The BBC programme “5 Live Investigates” which was aired on the 13th of January revealed flaws in the GamStop scheme which enabled problem gamblers to breach the system. GamStop was launched in April last year to assist players with gambling problems to self-exclude themselves form all gambling operators for a period of up to 5 years. Over 50,000 players from the UK had signed up to the scheme by November last year.
Breaching the system
The flaws discovered that some problem gamblers were still able to gamble by simply changing a letter in their name or by registering under a different email address when opening a new account.Sarah Hanratty, Senet Group Chief Executive Sarah, stated that the independent industry standards association was disappointed with the results of the investigation. Nevertheless, Hanratty and the Senet Group still back comprehensive self-exclusion schemes as a directive for tackling and preventing problem gambling. “What is important, is that these schemes are not regarded as the final solution, but the first steps for gamblers who genuinely want to take control of their issues – self-exclusion is an important part of that journey”. When presented with the findings, Ms Palmer, the chief executive of GamStop said: “We are taking on board the feedback and we are looking to improve the scheme”.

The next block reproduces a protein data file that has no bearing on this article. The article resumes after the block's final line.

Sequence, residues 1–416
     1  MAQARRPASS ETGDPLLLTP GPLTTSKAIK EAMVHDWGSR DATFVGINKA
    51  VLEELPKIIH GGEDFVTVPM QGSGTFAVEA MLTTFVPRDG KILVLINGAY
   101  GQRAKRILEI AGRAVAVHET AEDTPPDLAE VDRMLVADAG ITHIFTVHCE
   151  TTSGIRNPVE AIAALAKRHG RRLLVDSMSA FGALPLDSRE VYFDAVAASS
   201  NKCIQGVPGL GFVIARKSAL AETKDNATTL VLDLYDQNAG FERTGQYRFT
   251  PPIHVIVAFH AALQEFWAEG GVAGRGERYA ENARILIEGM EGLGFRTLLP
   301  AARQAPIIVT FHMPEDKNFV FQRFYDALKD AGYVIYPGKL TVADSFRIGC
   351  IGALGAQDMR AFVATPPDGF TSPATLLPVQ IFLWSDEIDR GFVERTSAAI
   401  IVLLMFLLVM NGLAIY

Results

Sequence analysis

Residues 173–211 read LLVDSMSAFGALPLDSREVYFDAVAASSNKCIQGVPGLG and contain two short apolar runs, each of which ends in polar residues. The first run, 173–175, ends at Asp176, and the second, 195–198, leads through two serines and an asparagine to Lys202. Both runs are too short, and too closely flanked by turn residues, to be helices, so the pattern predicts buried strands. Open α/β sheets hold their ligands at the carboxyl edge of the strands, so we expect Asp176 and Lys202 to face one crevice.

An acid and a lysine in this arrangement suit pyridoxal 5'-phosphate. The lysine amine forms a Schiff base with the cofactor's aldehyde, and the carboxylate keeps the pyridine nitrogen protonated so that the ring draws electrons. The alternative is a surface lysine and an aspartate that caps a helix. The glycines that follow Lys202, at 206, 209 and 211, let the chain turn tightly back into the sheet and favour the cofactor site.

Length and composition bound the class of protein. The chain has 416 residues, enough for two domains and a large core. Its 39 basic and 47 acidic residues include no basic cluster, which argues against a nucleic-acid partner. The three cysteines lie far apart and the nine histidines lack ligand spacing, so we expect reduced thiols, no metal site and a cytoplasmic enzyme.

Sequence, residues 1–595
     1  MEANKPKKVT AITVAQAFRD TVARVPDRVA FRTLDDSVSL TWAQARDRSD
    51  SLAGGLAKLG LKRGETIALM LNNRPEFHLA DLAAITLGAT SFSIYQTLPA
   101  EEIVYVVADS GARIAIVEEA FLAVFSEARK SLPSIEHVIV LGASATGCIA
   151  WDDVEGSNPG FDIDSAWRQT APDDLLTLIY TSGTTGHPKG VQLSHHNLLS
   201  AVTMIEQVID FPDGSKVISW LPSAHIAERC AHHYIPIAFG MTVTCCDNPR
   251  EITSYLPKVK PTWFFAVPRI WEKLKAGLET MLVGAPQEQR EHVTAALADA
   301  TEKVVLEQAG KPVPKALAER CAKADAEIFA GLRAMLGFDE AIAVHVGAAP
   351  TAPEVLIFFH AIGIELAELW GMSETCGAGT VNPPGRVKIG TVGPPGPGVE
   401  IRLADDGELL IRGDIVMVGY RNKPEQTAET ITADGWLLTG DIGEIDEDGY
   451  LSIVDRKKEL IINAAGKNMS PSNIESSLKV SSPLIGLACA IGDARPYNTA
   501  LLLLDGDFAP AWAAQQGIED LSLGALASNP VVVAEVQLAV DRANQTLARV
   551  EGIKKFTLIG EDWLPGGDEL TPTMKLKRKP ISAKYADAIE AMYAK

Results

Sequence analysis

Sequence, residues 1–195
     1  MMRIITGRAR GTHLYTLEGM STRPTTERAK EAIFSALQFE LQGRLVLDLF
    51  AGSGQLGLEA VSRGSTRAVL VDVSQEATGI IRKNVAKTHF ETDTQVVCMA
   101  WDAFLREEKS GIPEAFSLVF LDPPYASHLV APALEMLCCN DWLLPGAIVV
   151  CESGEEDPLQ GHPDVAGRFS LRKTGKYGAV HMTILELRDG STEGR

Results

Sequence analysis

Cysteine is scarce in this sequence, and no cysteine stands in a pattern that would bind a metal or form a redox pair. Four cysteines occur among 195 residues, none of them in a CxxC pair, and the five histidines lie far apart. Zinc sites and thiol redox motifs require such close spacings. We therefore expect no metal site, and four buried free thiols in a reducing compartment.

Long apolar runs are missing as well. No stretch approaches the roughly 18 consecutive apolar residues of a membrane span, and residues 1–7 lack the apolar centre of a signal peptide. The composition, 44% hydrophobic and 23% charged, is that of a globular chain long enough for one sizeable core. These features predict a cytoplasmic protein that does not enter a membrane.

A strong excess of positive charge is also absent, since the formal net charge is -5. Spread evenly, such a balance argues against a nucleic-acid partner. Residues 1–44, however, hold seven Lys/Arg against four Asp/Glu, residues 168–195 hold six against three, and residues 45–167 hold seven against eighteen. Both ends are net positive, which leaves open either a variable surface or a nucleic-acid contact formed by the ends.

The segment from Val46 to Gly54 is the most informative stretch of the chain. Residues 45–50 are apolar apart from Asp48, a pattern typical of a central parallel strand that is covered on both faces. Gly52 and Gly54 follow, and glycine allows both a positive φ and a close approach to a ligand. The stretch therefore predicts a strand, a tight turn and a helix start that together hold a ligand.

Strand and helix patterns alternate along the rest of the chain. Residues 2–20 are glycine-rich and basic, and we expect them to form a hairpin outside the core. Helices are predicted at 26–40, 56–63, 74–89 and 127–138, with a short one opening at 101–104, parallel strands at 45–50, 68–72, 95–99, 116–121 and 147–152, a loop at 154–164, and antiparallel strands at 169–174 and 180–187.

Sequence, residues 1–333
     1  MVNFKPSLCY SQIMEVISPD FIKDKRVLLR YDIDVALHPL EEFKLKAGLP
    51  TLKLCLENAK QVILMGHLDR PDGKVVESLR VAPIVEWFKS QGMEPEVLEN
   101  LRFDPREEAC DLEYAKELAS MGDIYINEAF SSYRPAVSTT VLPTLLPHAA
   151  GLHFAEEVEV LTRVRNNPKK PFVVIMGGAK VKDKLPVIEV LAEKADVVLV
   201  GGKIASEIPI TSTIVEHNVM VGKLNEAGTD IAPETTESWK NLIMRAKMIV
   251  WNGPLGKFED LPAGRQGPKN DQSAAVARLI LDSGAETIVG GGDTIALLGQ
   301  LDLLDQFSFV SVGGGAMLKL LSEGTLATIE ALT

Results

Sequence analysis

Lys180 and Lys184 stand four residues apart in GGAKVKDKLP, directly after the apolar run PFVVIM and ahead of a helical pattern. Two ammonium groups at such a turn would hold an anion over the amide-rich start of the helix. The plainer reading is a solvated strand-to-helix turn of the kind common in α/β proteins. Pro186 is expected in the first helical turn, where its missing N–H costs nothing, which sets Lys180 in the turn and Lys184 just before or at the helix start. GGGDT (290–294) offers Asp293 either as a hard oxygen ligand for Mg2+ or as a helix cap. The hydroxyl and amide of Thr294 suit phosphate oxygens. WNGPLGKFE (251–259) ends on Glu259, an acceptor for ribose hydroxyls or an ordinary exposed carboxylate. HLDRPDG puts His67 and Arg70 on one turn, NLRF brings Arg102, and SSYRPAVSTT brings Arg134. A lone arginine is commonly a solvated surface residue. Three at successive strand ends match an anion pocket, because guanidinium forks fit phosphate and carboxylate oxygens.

More to be done
The Gambling Commission, which regulates the industry, has said it will soon announce the results of a consultation on using ID verification, which would prevent customers gambling using incorrect details on online gambling sites.